Scrutiny of the construction industry is increasing. How can firms ensure they don’t accidentally fall foul of the law?

These days, one might have hoped that slavery in the UK is confined to the history books. Unfortunately, it remains very much a live issue across many UK industries and none more so than in the construction sector, where reports of suspected modern slavery cases were higher than in any other sector during the first national lockdown.

Investors are starting to take notice. Led by CCLA Investment Management, a group of investors (total £7tn in assets) have recently initiated a Find It, Fix It, Prevent It initiative designed to eliminate modern slavery in supply chains to the construction sector. Engagement with targeted construction companies is planned for the third quarter of 2021.

The government has also made it clear that even in the midst of a pandemic (or perhaps because of it), it is taking the issue of modern slavery seriously.

Government proposals

Towards the end of 2020, the government published its long-awaited response to its consultation on transparency in supply chains. Among the tougher measures is a commitment to “mandating the key topics that modern slavery statements must cover”, with civil penalties for non-compliance anticipated in “due course”.

Since publishing the proposals, the government has already taken action. In March 2021, it launched a new online registry for modern slavery statements, the purpose being to enable more informed scrutiny of an organisation’s approach to supply chains, with the comparative quality of statements available for all to see.

The amplified scrutiny means organisations should be prepared to demonstrate they are investigating supply chains effectively

The heightened awareness around modern slavery is highlighted by an investor statement from the group led by CCLA: “There are few, if any, businesses that can claim with any degree of certainty to operate slavery free supply chains”.

The well documented Boohoo scandal is testament that the risk is real. A supplier was found to be paying its factory workers £3.50/hour (while the UK minimum wage was £8.72 for workers over 25). Boohoo’s value fell by more than £500m – losing almost a fifth of its value.

Notwithstanding the increased public attention, fear of negative press and, hopefully, an overriding moral duty, the amplified scrutiny means organisations should be prepared to demonstrate they are investigating supply chains effectively.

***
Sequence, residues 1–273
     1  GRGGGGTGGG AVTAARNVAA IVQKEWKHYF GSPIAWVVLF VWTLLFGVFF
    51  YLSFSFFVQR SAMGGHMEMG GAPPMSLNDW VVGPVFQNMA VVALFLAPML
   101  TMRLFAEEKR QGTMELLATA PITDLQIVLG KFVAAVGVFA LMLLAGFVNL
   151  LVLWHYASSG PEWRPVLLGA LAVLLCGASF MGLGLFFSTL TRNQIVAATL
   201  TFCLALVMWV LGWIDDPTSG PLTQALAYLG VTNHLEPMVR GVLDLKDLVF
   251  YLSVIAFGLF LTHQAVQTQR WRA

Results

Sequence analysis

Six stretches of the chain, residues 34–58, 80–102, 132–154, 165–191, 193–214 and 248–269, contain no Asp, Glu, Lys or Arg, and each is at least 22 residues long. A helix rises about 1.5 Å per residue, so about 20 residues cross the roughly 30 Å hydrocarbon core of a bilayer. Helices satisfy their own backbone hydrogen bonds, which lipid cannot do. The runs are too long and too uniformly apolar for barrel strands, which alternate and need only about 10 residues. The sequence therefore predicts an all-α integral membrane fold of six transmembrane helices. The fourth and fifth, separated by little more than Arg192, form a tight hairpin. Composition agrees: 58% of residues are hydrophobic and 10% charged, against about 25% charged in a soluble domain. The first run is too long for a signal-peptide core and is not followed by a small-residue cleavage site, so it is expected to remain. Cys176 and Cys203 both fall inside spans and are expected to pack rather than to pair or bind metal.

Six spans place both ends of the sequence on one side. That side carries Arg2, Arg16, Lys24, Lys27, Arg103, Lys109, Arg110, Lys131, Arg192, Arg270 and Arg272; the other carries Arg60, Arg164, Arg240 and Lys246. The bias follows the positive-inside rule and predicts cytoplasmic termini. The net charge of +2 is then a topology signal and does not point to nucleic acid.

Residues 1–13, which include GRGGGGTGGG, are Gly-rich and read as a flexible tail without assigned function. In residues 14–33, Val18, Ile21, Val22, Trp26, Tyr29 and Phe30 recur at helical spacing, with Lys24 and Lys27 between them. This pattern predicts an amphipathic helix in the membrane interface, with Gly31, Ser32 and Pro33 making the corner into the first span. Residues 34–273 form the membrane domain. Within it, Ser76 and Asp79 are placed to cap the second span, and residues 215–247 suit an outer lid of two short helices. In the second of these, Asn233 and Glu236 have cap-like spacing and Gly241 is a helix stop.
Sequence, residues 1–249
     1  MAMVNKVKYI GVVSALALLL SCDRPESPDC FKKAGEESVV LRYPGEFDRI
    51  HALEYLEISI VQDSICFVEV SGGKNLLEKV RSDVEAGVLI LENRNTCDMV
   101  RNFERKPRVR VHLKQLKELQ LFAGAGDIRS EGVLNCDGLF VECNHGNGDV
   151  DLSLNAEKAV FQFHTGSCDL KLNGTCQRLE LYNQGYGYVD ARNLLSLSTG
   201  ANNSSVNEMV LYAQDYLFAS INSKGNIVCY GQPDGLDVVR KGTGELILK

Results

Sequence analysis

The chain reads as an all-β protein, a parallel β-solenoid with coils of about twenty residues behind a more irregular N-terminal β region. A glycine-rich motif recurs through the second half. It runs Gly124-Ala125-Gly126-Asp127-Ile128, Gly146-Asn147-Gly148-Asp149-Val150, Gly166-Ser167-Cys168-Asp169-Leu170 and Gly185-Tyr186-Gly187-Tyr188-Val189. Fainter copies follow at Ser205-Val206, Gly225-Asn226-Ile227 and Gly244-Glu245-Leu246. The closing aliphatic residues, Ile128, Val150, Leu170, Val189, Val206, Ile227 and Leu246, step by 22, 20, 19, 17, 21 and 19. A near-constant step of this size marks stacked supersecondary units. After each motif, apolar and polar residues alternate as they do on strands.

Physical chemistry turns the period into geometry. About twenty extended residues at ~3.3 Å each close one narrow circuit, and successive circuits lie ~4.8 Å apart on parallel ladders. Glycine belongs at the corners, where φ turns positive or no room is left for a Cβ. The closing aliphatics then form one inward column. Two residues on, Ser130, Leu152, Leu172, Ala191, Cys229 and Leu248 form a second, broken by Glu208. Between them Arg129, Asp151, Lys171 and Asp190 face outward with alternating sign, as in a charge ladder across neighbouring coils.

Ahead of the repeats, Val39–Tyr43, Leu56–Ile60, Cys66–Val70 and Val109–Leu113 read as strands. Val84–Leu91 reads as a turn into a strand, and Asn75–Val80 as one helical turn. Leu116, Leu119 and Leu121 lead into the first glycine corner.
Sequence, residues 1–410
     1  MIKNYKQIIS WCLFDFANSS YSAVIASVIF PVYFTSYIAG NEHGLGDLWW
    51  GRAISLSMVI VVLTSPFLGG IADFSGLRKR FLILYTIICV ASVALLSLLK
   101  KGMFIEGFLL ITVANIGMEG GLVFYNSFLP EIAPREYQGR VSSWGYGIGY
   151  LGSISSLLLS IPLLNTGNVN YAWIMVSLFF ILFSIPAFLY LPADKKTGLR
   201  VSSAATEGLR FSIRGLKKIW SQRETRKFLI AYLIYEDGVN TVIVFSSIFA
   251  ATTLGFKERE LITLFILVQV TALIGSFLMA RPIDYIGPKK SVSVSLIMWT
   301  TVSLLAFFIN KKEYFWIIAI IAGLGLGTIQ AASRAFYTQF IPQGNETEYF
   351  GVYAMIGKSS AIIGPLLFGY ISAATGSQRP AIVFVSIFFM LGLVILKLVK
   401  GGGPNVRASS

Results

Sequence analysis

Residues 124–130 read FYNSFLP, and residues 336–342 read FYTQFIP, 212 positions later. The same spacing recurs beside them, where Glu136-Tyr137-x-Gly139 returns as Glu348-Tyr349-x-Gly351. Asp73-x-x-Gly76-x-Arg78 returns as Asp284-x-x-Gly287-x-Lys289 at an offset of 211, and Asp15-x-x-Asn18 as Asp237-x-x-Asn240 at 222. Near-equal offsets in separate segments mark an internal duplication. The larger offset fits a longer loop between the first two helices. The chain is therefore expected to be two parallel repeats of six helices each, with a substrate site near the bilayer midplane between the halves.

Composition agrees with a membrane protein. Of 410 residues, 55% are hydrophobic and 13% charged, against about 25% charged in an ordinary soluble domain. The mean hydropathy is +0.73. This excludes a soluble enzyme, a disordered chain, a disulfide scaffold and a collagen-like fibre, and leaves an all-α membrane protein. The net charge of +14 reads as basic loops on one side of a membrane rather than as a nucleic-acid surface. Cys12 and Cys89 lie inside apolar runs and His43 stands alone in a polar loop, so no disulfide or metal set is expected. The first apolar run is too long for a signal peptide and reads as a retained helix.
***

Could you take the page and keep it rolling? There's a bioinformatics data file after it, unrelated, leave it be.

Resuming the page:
How can you enhance your supply chain due diligence?

  • Know your supplier: Confirm with your suppliers what steps they are taking to ensure their supply chains are slavery-free, for example by asking them about their hiring practices. Getting to know your supplier could include site visits and audits, or even random spot checks. Identify any risk areas through risk-mapping their operations and ensure that these are set out in your modern slavery statement, as well as the steps taken to address them.
  • Supplier contracts: Review current contracts, and as part of future negotiations on renewals or on fresh contracts include a specific prohibition of modern slavery in all supplier contracts. You should also include a mechanism for information about personnel and recruitment practices to be provided to you on request, as well as a provision requiring the supplier to include a similar provision in its own supply contracts.
  • Training: Encourage suppliers to provide both managers and their staff with training to understand how to spot signs of any potential slavery violations.
  • Grievance procedures and whistleblowing policies: Ensure that all your suppliers have robust policies and procedures in place to encourage staff to report concerns.
  • Complex supply chains: Be alert to intricate and often complex supply chains, noting that your modern slavery obligations in relation to a supplier of a supplier, for example, are not alleviated simply because of the contractual distance between the entities.
  • Immigration compliance: Particularly since Brexit, organisations should be alert to migrant workers being at a higher risk of exploitation and should ensure workers are aware of their rights.
  • Minimum wage checks: Ensure that all UK workers, within your own organisation and within your supply chain, are being paid at least the national minimum wage.

While some of the above may sound intrusive, an open and transparent dialogue should be embraced to encourage a willingness among suppliers to address issues.

Depending on the risk profile of your organisation, approaches will differ but the above should provide a starting point for organisations of all sizes.

Implications for employers

The combination of stricter health and safety measures, economic uncertainty and the increased likelihood of job losses has unfortunately provided fertile ground for modern slavery malpractice.

In light of increased investor attention, construction companies would be well advised to take stock and identify, review and address any modern slavery risks.

Large organisations should lead by example, rather than pushing the modern slavery risk onto less resourced suppliers.

Charles Urquhart is a partner and Jasper Dymoke an associate in the employment team at Clyde & Co